However, he was still worried that some prior impregnation might have occurred, and its effects passed down in some way through the generations. The trouble was that Bonnet, living more than 150 years before the science of genetics, had no real conception of how the essential characters of a species were passed from one generation to the next, nor of the real significance of sexual reproduction. His interpretation of his experiments was rooted in the idea of preformation; that is, that every female contained the preformed “germs” of all her descendants, and that these would develop if they were stimulated to do so as a result of insemination by a male, and then provided by the female with adequate nutrition. He knew he had demonstrated that aphid “germs” could develop without any stimulation by the semen of a male, or at least that mating did not have to occur in every generation, but he was unaware that the resultant offspring differed in any significant way from those resulting from sexual reproduction.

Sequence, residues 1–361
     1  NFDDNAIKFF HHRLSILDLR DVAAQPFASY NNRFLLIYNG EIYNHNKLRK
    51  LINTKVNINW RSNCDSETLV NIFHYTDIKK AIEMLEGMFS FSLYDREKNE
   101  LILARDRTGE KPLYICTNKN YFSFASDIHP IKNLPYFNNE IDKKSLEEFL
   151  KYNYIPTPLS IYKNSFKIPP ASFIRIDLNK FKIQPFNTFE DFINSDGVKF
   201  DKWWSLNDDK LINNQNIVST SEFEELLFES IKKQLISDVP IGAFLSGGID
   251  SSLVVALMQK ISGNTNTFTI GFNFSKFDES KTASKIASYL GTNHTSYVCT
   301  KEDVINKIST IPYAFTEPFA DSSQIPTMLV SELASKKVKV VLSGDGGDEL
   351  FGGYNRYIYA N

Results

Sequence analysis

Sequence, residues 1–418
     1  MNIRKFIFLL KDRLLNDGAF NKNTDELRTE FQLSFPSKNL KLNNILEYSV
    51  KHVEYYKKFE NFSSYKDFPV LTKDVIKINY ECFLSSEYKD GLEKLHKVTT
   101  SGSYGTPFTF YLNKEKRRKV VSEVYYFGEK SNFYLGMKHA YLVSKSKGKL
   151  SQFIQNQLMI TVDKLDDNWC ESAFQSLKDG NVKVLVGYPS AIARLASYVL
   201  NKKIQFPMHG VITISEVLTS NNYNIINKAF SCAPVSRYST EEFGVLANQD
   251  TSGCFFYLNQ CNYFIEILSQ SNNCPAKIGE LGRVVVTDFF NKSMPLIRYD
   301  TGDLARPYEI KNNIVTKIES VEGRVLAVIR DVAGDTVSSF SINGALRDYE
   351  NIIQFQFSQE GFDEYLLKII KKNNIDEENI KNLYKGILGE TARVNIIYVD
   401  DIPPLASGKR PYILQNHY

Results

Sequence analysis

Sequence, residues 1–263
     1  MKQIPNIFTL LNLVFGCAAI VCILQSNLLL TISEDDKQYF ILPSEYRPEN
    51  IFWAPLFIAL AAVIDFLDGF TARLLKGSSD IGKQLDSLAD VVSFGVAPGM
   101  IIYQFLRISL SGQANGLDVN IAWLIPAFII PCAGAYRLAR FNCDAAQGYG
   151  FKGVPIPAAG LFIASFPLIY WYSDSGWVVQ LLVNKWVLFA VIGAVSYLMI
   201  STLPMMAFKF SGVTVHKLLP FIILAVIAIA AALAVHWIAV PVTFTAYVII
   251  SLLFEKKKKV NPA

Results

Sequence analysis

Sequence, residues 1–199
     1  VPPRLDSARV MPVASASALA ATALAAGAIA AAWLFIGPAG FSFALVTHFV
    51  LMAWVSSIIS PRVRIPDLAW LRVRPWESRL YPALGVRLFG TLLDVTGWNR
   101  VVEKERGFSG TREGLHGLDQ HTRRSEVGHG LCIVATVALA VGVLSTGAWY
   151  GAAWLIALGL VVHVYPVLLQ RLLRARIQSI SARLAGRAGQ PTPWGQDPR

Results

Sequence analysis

Bonnet knew that some aphid species had sex, and in fact he described and studied the behaviour of males and egg-laying females of the sexual generation of a large aphid* (“l’éléphant des pucerons” – probably Lachnus roboris) on the branches of oak. He then moved on to other lines of investigation in zoology and botany and made other important discoveries, for example he was the first to show that insects breathed through the series of lateral pores that we now call spiracles. Later in life his eyesight deteriorated and he was forced to cease his studies of living organisms. Instead he turned his attention to philosophical matters. His ideas on evolution – he was one of the first biologists to use this word – were very influential at the time, but were of course very different to those of Darwin nearly a century later, and seem strange to us today. He continued to believe that each female organism contains within its germ cells an infinite series of preformed germs put there by the creator, and hence that all life is preordained and that species are immortal and immutable.